Step 4. How will you measure success?
One of my favorite sayings is, “What gets measured, gets managed”. At this point you’ve identified what’s important and a way to address it that feels authentic. Now you need to define what success looks like. What are the outcomes that you are shooting for? Get specific with your outcome and your time frame. Don’t get specific because you’re giving yourself an artificial deadline, get specific so that you can keep track of the time, money and energy you're putting into your solution. The WORST thing you can do is throw resources at something and not know if it’s working or not.
Step 5. This is the final step and step and it’s to identify the first thing you need to do?
Then the second, third, etc.
Step 5 is all about breaking down what you need to do into bitesize nugget actions. The goal here is to break down your actions so that when you check one off of your to-do list you’ll be greeted with a nice bits of instant gratification. Meaning each action has a specific outcome that not only feeds into the next action but helps you build momentum. Even if you can’t see the very end of the road, map out as many actions as you can and set a benchmark or two. As you’re creeping towards the end revisit, adjust or heck even go back through the framework if you start feeling that decision wanderlust again.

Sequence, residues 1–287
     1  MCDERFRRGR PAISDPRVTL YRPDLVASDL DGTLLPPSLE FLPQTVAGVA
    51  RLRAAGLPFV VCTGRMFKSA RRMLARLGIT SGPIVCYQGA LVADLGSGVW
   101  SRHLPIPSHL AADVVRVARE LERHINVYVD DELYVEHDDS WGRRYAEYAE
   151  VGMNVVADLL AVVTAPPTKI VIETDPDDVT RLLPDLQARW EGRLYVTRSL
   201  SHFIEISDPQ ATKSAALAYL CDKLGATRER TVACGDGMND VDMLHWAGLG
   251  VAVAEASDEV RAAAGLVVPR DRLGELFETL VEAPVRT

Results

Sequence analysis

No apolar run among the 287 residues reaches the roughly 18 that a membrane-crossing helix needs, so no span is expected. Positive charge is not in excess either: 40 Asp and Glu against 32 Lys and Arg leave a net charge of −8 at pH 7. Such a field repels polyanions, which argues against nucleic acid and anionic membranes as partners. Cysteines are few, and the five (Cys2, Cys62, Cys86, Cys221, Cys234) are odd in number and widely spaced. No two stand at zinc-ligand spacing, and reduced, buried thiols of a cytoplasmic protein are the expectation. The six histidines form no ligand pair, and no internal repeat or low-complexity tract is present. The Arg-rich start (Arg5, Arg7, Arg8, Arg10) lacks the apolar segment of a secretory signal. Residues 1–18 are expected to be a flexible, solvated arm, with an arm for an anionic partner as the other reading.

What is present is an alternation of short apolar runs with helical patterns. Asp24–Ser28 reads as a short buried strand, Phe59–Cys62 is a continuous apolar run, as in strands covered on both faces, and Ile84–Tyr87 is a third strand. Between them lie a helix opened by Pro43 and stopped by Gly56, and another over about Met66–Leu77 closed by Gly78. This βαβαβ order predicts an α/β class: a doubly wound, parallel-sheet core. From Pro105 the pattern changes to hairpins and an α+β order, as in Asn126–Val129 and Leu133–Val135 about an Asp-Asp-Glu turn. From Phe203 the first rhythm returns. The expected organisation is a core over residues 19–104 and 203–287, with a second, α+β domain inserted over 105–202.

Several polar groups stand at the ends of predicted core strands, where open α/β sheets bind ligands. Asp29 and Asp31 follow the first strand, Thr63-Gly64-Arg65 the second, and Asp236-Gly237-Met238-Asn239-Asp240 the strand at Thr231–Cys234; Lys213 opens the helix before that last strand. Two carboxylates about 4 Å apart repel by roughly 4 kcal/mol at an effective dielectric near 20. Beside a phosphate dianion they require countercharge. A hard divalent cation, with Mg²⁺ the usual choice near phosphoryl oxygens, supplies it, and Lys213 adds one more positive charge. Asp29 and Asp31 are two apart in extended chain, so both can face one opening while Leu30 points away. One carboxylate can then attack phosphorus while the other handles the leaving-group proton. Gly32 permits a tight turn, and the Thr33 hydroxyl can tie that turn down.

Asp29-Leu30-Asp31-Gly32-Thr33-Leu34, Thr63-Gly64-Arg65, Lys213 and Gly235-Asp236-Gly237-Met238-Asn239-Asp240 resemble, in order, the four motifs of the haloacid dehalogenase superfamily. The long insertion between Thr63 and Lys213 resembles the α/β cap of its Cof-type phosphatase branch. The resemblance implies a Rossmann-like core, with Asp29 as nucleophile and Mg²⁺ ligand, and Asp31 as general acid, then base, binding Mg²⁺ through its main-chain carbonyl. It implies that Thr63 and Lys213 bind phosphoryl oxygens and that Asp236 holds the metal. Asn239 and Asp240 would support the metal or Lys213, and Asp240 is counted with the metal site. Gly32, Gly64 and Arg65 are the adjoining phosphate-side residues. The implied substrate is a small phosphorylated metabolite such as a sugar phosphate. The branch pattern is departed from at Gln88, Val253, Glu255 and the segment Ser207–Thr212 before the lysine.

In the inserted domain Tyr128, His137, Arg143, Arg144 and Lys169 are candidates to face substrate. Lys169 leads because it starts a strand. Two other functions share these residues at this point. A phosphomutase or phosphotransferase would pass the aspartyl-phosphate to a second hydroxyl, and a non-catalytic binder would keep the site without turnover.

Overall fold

Using this framework when you have to make decisions and identify the types of stuff that drain your decision ability takes patience and practice but if you’re consistent you’ll start to see the productivity payoffs really quickly. In the show notes for Episode 1 at www.disruptivestrategy.co you’ll be able to find a PDF version of this framework to support you making better decisions as well as a link to the James Clear article I mentioned earlier.
Alright that wraps up this episode. Thanks for joining me now get out there and start making better decisions. I’ll see you in the next one.
James Clear Article: http://jamesclear.com/willpower-decision-fatigue